FIG. 2 is an enlarged plan view of one of the sensor-marker assemblies;
FIG. 3 is a typical electrical schematic diagram, which might be used for a sensor-marker assembly;
FIG. 4 is a partial perspective view of an alternate arrangement having only one sensor assembly.
Referring to the perspective view FIG. 1, a source of electromagnetic radiation (1) projects a beam toward the position reflective surface (2) on the clubface will occupy at the time the clubface makes contact with the golf ball. This is the lowest point of the clubface's path and will be called the contact point. Source (1) may be a laser-lens combination which generates a collimated beam, or it may be an incandescent filament and lenses or mirrors so arranged to create an image of the filament at or beyond the contact point. In the figure, the source (1) projects its beam downward at the loft angle of the clubface. That is, if the clubface were held in contact with the ball as it would be in a perfect swing, the central ray from source (1) would be reflected back upon itself, neither higher nor lower, left or right.
The only essential requirement for items (1) and (2) is that substantially all the reflective surface receive equal illumination, so the brightness of the source "looking up" the reflected beam appears the same regardless of which portion of the reflective surface is being examined. This will be further discussed in connection with FIG. 4.
Reflective surface (2) may be the protective plating on the golf club's face, or a reflective material fixed to the golf club's face with adhesive, or a reflective material with a backing of crushable foam plastic. In the latter case, prior to making his swing the golfer will have crushed the backing so as to make the reflective surface lie in the same plane as the portion of the club face with which the ball is to be struck. Thus the same diagnostic tool can be used with woods--which do not have a plane club face--as with irons which do.
As the golf club face is swung into and through the contact point electromagnetic radiation such as light will be reflected from the reflective surface. The reflected radiation will strike the field (4) having a multiplicity of sensor-marker assemblies (3). These assemblies may be arranged in various ways, the preferred embodiment being shown in FIG. 1. One horizontal row of left-to-right sensor-marker assemblies is at the level of the light source. Successively shorter rows are centered left-to-right on the light source, and located successively higher and lower as shown in FIG. 1. Enough such shorter rows are provided to cause the height of the sensor-marker array, near the center, to be greater than will receive adequate radiation to turn on during a swing. The elevation of the turned-on line of marker lights gives a rough measure of the loft angle during the string, which an observer may compare to the marker light elevation with the clubface resting against the ball and the golfers body stationary but in the position which it should have at the moment of impact. Thus, if his hands were lagging from the desired position the clubface would have more loft than was desired and the set of marker lights turned on would be higher than desired as well as being left or right if the clubface was closed or open (for a right-handed golfer). Moreover if the clubface were being opened or closed during the swing near the contact point the display of marker lights would be non-vertical.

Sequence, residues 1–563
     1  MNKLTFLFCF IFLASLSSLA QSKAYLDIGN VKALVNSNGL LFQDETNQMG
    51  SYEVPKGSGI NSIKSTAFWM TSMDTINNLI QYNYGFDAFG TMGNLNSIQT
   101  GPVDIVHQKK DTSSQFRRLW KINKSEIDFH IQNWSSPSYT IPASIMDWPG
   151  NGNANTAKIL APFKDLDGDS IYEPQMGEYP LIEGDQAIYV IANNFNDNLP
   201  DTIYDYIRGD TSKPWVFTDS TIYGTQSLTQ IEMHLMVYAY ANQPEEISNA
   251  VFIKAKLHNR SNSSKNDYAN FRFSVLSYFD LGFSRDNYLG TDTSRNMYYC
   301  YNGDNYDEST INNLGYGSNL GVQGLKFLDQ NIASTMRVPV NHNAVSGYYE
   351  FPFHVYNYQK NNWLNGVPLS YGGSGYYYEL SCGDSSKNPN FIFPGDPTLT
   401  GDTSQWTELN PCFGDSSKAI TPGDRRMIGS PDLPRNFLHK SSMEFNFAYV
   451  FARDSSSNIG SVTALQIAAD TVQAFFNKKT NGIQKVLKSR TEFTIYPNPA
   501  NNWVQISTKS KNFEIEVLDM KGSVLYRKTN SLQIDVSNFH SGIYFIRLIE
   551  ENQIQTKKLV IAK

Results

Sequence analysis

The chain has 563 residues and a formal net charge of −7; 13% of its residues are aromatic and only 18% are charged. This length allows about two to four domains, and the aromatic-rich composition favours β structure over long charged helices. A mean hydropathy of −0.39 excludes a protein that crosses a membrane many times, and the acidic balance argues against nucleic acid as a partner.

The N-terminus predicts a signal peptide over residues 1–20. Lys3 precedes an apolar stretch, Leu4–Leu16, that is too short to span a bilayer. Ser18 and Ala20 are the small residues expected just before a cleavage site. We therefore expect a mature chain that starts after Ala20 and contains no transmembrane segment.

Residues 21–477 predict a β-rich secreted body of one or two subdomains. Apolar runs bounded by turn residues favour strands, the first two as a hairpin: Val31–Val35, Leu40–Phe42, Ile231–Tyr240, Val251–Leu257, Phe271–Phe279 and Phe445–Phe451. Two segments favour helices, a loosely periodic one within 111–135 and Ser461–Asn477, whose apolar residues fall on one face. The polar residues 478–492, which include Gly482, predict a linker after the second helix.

Item (5) of FIG. 1 is a frame on which a field or array of sensor-marker assemblies and the light source are mounted. In the preferred embodiment the track, to which the field (4) and source (1) are adjustably clamped, is curved so the point at which a practice ball is placed does not change as various clubs of various loft angles are used.
Item (6) is a housing to contain power supplies, Item (7) is a reset switch shown on a cord, which interrupts power to the SCR-marker light circuit, thereby resetting the apparatus after the stroke has been analyzed to the satisfaction of the golfer. Although Item 6 is shown as a thumb-operated normally closed switch, other arrangements such as a foot-operated switch or a switch which resets the apparatus photoelectrically during the golfer's backswing would be obvious to one skilled in the art.
FIG. 2 shows a typical sensor-marker assembly (3). Light-sensitive transistor (8) has its emitter connected to bleed resistor (10) and to the gate of silicon controlled resistor (SCR) Item (11). Marker light (9) is located physically close or adjacent to light sensitive transistor (8).